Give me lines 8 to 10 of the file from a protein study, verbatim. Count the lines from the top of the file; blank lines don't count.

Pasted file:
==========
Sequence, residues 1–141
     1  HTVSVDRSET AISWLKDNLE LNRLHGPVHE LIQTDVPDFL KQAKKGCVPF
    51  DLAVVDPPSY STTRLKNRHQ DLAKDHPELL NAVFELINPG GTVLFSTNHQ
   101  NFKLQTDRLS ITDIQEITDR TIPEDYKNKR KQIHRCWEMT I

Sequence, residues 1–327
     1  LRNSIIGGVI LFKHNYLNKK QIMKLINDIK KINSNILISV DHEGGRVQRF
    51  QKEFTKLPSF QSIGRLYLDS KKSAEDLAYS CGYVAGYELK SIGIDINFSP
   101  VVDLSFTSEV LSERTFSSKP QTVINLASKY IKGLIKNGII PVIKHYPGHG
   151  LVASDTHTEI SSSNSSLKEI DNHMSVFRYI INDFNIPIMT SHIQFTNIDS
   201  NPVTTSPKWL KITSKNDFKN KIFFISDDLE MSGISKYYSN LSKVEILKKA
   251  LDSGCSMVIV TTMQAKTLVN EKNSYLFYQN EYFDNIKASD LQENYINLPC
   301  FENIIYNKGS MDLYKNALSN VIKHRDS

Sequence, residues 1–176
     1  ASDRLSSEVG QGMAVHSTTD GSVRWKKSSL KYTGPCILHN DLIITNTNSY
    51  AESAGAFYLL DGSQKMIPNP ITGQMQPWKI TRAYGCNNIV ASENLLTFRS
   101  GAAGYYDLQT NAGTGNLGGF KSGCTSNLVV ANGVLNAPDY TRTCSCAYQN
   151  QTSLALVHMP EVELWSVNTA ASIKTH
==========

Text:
   101  VVDLSFTSEV LSERTFSSKP QTVINLASKY IKGLIKNGII PVIKHYPGHG
   151  LVASDTHTEI SSSNSSLKEI DNHMSVFRYI INDFNIPIMT SHIQFTNIDS
   201  NPVTTSPKWL KITSKNDFKN KIFFISDDLE MSGISKYYSN LSKVEILKKA